Lost Weekend III: Zero Motivation

I went to military school for four years, and it sucked the whole time. There were kids there who embraced it, and turned from ritalin-snorting criminals into pillars of military discipline, but I never fit that narrative– I was a nerd who snuck books into mandatory football games, and I hated pretty much everything about that place. Often, I would get in trouble, and be forced to stand at attention and get lectured about a whole bunch of things I didn’t give a crap about.


Zohar, the main character of Israeli military office comedy Zero Motivation, is a perfect distillation of what would be running through my head during those dressing downs. Zohar doesn’t care about any aspect of being in the military or working her administrative file clerk job, and she doesn’t care so hard that her not-caringness burns with a white hot rage. She’s what would happen if Catch-22’s Yossarian and Cool Hand Luke had a daughter that was cast in a female buddy comedy. I think I’m in love.

Set in an Israeli military base isolated in the middle of a barren desert, Zero Motivation follows lead characters Zohar and her best friend Daffi, two women who work in the base’s personnel office and loath every aspect of being in the military and their boring office. Daffi dreams of being transferred to glamorous Tel Aviv, but Zohar just wants to be left alone to play Minesweeper all day. Their motivated boss Rama and the rest of the military want them to straighten up and get in line. That’s the plot of every military comedy ever, but there’s something different about this one. For one thing, Zero Motivation blends multiple styles of comedy in a way few films do. Sometimes it’s a black comedy, with one character so traumatized by another’s death that she falls into a ridiculous fugue state, putting on her lipstick like clown make-up. Other times it’s more slapstick, with bloody staple gun fights and office pranks, and characters ribbing each other about their virginity.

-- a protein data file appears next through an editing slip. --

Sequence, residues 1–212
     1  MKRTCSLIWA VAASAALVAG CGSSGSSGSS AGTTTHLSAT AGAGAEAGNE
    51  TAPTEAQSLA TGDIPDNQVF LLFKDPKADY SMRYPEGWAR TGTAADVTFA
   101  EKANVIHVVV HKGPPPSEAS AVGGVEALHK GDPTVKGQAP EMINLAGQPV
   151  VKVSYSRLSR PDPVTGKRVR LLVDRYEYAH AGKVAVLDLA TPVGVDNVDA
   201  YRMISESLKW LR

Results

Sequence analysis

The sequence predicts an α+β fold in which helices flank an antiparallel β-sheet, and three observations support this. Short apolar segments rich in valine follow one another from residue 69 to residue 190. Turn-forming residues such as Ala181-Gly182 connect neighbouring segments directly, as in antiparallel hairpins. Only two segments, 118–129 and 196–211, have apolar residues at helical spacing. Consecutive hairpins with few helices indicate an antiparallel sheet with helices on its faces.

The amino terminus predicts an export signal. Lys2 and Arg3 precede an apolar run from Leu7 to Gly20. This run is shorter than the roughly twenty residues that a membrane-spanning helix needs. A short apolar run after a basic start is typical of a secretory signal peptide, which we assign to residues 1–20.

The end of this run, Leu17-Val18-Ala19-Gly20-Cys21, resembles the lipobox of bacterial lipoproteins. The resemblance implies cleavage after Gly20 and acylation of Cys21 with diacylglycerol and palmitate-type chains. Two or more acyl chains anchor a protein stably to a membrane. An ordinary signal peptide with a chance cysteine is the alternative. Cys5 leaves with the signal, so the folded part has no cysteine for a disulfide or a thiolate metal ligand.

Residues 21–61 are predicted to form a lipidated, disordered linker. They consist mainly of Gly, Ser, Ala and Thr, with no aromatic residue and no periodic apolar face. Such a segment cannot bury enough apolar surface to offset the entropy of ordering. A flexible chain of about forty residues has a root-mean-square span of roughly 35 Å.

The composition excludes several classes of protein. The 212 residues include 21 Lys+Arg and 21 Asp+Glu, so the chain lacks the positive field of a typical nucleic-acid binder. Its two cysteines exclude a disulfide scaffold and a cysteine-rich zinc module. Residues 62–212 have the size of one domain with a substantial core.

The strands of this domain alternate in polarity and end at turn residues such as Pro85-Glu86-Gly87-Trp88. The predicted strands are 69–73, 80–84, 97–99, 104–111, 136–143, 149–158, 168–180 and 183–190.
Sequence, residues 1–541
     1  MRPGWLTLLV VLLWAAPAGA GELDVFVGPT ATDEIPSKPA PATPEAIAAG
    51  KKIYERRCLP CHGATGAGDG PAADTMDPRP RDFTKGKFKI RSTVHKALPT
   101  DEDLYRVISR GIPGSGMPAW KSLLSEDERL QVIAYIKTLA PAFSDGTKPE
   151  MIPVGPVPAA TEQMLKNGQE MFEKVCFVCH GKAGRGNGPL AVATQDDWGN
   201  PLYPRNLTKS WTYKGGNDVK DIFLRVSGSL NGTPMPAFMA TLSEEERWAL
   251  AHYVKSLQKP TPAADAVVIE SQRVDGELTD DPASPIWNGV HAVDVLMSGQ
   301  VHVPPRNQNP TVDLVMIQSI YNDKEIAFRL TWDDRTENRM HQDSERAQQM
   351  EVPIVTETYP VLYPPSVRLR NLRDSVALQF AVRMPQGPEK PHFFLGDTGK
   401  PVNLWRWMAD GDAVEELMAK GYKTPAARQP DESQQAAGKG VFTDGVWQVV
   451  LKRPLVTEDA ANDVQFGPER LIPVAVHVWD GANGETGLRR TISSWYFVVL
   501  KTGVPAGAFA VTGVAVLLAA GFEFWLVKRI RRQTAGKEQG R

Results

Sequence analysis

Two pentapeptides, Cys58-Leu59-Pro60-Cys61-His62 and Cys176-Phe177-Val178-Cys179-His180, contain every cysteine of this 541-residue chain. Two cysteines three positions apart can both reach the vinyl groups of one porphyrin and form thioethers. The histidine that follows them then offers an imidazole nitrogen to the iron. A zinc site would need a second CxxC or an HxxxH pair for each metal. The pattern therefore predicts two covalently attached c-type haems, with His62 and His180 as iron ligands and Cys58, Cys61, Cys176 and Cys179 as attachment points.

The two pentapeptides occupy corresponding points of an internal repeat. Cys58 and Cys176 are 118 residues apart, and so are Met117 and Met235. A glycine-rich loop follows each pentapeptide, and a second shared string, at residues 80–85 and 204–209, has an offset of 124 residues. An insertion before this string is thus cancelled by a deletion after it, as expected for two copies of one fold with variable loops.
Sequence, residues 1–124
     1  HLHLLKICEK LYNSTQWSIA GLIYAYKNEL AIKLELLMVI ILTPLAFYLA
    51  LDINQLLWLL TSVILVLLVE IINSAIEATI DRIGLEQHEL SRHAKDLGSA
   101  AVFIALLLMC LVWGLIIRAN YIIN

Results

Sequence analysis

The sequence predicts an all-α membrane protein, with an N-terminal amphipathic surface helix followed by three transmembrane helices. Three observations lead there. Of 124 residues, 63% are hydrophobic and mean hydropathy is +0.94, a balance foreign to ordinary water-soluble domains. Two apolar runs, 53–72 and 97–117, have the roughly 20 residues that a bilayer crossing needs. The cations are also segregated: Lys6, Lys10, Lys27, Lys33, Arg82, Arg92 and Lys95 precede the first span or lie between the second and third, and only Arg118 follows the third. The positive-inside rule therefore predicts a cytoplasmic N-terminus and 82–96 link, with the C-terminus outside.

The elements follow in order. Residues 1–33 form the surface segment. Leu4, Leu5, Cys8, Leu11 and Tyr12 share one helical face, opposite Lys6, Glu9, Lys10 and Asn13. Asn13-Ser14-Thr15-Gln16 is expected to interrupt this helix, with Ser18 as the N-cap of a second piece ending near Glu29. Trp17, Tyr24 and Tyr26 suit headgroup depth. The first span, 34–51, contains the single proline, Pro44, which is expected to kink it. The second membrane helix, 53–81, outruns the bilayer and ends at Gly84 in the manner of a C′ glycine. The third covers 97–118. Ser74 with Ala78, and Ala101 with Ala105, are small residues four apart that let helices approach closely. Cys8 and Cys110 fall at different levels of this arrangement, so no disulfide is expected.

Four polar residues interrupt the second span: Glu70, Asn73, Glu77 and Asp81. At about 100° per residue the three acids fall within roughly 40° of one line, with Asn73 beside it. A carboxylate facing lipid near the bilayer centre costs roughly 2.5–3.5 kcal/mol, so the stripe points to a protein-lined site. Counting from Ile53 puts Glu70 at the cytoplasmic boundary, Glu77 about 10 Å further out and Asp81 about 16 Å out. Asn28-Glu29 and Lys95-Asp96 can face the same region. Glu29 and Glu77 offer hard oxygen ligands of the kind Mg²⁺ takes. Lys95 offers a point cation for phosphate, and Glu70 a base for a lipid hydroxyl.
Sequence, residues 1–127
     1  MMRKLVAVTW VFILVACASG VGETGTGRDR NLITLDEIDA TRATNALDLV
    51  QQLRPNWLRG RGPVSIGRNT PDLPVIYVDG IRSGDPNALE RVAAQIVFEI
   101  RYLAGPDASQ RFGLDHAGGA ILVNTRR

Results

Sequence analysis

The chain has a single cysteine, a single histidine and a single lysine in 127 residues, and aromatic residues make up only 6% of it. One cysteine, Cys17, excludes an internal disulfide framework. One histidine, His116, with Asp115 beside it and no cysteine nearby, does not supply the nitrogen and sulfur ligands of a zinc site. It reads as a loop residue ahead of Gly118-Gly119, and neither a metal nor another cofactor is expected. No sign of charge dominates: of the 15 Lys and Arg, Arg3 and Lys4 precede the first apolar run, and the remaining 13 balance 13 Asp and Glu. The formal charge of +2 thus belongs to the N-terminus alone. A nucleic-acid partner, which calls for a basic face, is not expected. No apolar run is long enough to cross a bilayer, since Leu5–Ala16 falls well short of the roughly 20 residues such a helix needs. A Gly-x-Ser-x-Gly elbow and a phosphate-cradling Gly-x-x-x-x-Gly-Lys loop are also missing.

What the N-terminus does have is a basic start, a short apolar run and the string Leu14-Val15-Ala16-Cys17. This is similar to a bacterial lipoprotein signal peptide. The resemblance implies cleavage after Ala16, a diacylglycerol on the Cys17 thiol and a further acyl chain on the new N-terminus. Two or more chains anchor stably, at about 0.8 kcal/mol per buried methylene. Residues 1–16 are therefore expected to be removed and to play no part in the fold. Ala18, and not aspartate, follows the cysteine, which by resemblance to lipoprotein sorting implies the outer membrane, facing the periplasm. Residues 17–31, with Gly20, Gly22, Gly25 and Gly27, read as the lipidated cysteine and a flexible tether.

The fact that Zero Motivation is a movie about rebellion is weird, because though it’s about a military base, it’s not about war at all. Though several characters in this movie say that Israel is at war, there’s nothing about combat in this film at all. There is a character who dies bloodily, but she is a civilian, and she dies by suicide. There is a near rape, but it takes place between soldiers on the same side (and ends with the aggressor forced at gunpoint to fuck a trashcan). As far as I can remember no one mentions Palestine or Palestinians at all. Zohar is a character making a stand, but her “ideals” have nothing to do with peace or brotherhood or any of the loaded questions that pop into the head of an American sitting down to watch a movie about the Israeli army.


Though the premise makes the movie sound like Stripes meets the Office, there’s a core of fatalism and an anger to Zohar that gives her antics a different tone than either of those. She will do almost anything to avoid having to do stuff she doesn’t want to do, even if it means ruining her co-worker’s career or doing jail time. If the final scene of Thelma and Louise was a grumpy Israeli lady who wanted to play video games all day, it would be Zohar.  Watch this movie.

Monty has a pretty great Sangria recipe that you should try.
Lost Weekend III: Zero Motivation

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